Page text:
Today’s Education in the Media blog looks at national offer day, 11 plus exams, apprenticeships, and the RSE curriculum.
National Offer Day
Today, Friday 1 March, primary school pupils across the country will find out which secondary school has offered them a place for September 2019. This has been covered by the Independent, the Sun, the Mail, the Times and the Mirror.
The reports say record number of children will miss out on their first-choice of secondary school this year, according to analysis by the Good Schools Guide.
The latest figures from last year show 82.1% of pupils were offered their first choice of secondary school and 93.8% of pupils were offered one of their top three choices last year.
We have already committed £7b to creating new school places between 2015 and 2021.
School Standards Minister Nick Gibb said:
Today is a significant milestone for thousands of parents and children finding out which secondary school they will be attending from September. This government is determined to create more choice for parents when it comes to their children’s education and we have created 825,000 school places since 2010, and are on track to see that number rise to a million by 2020.
Standards have also risen, with 86% of schools now good or outstanding, compared to 68% in 2010, and last year more than nine out of ten pupils got a place at one of their top three choices, setting them on the path for a successful future.
Today, the Independent (p11) has run a positive report about the benefits of doing an apprenticeship. The piece reports that apprentices are likely to earn £50,000 more than a graduate over their lifetime.
It is our ambition for young people to have a range of options for further and higher education, and be able to choose what is best suited for them.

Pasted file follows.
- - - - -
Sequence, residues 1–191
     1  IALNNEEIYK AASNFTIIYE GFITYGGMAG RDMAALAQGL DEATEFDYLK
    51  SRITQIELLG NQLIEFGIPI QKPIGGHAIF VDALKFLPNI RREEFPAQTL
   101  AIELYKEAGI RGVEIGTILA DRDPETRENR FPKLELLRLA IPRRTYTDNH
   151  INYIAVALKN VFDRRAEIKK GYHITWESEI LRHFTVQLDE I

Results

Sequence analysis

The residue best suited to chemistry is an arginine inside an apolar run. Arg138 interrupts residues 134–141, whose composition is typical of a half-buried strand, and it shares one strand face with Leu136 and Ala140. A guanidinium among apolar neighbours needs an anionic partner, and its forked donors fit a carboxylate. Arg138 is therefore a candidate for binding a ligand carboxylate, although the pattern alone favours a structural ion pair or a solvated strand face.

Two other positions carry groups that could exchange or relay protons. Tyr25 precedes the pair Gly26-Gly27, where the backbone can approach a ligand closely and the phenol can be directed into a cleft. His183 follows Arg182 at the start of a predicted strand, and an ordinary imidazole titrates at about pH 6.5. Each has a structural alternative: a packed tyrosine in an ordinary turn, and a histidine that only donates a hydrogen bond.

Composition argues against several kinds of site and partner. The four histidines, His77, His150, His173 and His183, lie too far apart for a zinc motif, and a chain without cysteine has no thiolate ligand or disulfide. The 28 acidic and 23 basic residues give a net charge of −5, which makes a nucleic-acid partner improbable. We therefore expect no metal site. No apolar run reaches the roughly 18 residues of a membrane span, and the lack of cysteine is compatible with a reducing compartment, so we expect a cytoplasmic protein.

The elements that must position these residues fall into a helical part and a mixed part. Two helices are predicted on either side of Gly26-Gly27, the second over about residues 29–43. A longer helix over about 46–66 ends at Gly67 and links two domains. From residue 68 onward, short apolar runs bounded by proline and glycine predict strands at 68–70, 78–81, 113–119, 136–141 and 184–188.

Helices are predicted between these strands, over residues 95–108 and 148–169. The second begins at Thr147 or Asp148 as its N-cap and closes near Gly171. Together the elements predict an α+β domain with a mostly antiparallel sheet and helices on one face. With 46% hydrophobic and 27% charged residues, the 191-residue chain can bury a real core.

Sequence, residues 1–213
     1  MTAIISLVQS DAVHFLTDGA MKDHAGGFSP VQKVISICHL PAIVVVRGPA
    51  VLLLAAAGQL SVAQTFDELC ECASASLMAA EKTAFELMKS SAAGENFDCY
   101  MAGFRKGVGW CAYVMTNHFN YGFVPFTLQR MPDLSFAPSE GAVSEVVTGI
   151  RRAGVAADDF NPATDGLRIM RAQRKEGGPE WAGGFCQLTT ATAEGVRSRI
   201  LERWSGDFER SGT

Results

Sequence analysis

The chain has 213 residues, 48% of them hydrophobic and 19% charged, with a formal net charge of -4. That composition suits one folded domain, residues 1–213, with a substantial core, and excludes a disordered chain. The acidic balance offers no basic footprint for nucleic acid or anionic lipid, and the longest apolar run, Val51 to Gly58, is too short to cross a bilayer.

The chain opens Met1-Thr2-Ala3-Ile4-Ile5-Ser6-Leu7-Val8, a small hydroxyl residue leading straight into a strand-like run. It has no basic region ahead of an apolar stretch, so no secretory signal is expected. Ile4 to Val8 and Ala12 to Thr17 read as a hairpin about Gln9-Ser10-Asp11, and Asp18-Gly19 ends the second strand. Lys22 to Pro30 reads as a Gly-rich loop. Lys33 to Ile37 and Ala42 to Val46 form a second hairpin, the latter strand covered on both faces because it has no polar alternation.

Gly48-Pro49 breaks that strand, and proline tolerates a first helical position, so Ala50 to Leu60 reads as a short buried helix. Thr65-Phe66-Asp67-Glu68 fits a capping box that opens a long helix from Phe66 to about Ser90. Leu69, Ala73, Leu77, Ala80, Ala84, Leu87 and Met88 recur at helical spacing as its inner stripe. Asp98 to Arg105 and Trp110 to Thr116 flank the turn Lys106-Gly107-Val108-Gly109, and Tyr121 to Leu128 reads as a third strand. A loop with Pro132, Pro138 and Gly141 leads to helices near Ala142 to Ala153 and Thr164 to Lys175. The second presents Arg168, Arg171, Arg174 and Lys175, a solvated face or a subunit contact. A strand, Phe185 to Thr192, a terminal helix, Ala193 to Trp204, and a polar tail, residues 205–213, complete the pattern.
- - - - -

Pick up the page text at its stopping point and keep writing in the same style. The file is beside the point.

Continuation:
The Sunemployment has also run a piece on apprenticeships, tackling some of the myths and misconceptions and highlighting the offer of earning whilst learning. The piece also looks at the option to train at every level up to degree level in a range of professions, from cyber security to fashion.
Relationships and Sex Education
The piece states that “Independent schools can make up their own minds on how much and how far to teach about sex. When parents can afford it, they can break free of Hinds’ department” implying the new guidance published by the DfE does not apply to independent schools. This is untrue: the guidance on Relationships Education and Relationships and Sex Education will apply to all schools including independent schools from September 2020.
The piece also states that “[Damian] Hinds wants instruction in LGBT ‘sensitivity and inclusiveness’ to be ‘integral throughout the programme of study’, including in primary schools”, implying that this is compulsory for primaries. While we expect LGBT content to be covered at secondary, there is no specific requirement to teach about LGBT in primary schools – they can cover LGBT content if they consider it age appropriate to do so.